- What has been will be, what has been done is what will be done; and there is nothing new under the sun. (Ecclesiastes 1:9)
- Go, eat your bread with enjoyment, and drink your wine with a merry heart, for Adonai has already approved what you do. Let your garments always be white, anddo not let oil be lacking on your head. Enjoy life with the person [literally, woman] you love, all the days of your life of breath that [God] has given you under the sun, all the days of your breath. For this is your portion in life and in your toil that you toil under the sun. Whatever your hand finds to do, do it with your might. . . . (Ecclesiastes 9:7-10)
A recent cartoon in The New Yorker shows a man and a woman sitting at a dinner table. "Honey," says the man, "Just let me know if I ever say anything new." In another cartoon, a similar couple looks at vacation brochures. The woman asks, "Where do you want to worry that we're spending too much money this summer?"
So goes the old saying, "The more things change, the more they stay the same." We get stuck in patterns. We replay the same old drama. We repeat our old scripts and find ourselves in familiar struggles over and over again.
The Book of Ecclesiastes, Kohelet, which we read during Sukkot, comments on this phenomenon: "What do people gain from all the toil at which they toil under the sun? A generation goes, and a generation comes. . . . All streams run to the sea, but the sea is not full. . . . All things are wearisome, more than one can express. . . . What has been will be, what has been done is what will be done; and there is nothing new under the sun" (Ecclesiastes 1:3-9). In other words, everything that we are doing has been done before and will be done again. There are forces in this world that are much bigger than any of us, and there is nothing that we can do to change the rhythms of the planet.
Consider how much energy, effort, and money we dedicate to fighting the effects of time. Alan Lightman, in his book Einstein's Dreams (New York: Knopf Publishing Group, 2004) has us imagine alternative concepts of time, worlds in which time runs differently. In one such scenario, time flows more slowly the farther you get from the center of the earth. People build their homes in mountains and on high stilts in order to get the best advantage and to age as slowly as possible. They avoid going to lower elevations, because "with each downward step time passes just a little bit faster" (ibid, p. 30). Of course, with all of that rushing and isolation, calculating and worrying, the people end up growing old before their time.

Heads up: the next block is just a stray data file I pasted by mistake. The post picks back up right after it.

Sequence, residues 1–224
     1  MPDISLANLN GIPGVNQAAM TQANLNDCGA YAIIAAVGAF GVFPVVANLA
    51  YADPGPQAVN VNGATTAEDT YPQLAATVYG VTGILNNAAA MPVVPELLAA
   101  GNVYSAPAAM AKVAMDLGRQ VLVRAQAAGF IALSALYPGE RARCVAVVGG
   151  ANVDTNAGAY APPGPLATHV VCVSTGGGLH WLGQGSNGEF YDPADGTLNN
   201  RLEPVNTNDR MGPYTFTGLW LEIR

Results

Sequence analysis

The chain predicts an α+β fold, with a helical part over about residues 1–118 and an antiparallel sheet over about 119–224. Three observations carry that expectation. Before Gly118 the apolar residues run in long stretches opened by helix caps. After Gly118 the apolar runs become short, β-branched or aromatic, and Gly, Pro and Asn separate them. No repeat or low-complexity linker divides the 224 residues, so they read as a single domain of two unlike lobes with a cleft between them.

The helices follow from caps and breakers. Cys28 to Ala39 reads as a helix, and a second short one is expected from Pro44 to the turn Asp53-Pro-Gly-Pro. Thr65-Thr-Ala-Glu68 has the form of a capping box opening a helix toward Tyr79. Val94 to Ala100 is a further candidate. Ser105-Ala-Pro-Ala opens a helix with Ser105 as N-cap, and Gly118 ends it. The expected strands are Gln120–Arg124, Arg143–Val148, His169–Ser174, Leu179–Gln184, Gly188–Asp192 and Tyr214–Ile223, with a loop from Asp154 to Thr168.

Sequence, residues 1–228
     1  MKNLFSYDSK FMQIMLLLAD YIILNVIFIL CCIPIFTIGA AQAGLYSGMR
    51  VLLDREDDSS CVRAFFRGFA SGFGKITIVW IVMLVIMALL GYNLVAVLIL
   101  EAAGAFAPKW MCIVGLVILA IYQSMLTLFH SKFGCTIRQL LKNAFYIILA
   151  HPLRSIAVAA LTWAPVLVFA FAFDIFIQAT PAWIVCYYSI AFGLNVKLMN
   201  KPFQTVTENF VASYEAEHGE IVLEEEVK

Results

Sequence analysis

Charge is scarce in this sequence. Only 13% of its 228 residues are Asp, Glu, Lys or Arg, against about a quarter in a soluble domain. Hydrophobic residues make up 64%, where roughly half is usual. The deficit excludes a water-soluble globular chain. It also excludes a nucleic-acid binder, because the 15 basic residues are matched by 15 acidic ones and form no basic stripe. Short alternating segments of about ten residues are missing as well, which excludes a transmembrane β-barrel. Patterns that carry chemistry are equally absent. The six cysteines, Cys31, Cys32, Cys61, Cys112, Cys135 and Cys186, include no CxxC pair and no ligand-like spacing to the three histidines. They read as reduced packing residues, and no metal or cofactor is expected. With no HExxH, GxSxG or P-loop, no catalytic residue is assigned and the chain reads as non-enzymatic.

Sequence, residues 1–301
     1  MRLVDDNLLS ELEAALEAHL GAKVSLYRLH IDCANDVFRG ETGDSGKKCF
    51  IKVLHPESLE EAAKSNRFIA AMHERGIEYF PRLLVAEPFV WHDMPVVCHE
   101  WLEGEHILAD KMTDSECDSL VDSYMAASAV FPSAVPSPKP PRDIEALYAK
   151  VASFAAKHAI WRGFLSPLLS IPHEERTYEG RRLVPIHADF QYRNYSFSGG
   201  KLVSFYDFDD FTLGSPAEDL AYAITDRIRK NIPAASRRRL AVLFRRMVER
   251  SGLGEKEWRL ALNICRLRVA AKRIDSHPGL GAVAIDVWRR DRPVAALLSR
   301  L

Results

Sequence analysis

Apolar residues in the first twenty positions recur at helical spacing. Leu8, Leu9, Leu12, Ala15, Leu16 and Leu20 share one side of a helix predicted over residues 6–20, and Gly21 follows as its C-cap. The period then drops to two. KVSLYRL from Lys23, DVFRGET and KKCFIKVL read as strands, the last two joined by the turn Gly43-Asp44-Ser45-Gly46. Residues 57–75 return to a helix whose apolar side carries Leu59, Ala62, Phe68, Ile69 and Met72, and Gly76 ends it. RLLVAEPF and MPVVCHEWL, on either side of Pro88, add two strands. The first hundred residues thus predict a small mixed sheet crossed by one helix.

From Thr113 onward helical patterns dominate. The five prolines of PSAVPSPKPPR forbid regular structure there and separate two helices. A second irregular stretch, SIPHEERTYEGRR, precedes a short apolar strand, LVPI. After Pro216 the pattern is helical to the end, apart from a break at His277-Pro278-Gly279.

In another chapter, people live forever. However, there are unforeseen consequences of eternal life. For example, " . . . grandparents never die, nor do great-grandparents, great-uncles, great-aunts, great-great-aunts and so on, back through the generations" (ibid, p. 119). On the one hand we may think, "What a gift!" On the other hand, in this environment, children never escape from under the shadows of their parents. Lightman explains, "When a man starts a business, he feels compelled to talk it over with his parents and grandparents and great-grandparents ad infinitum. . . . And when a daughter wants guidance from her mother, she cannot get it undiluted. Her mother must ask her mother who must ask her mother, and so on forever. Just as sons and daughters cannot make decisions themselves, they cannot turn to parents for confident advice. . . . Such is the cost of immortality. No person is whole, no person is free" (ibid, pp. 120-121).
The problem is not only that in this imagined world there would be too many people to consult, but also that the advice would be different, less profound. Surely some of the wisdom that we acquire with age comes from our awareness of life's finitude. In other words, we cannot cheat time. For those who seek to control time, as in Einstein's Dreams, this realization may be thoroughly depressing. For the rest of us, it can be thoroughly liberating.
Koholet teaches us to accept the natural rhythm of life. There is "a time to be born, a time to die, a time to sow, a time to reap" (Ecclesiastes 3:2), and so on. There is nothing that we can do to turn one into another. Time moves forward, with or without our permission.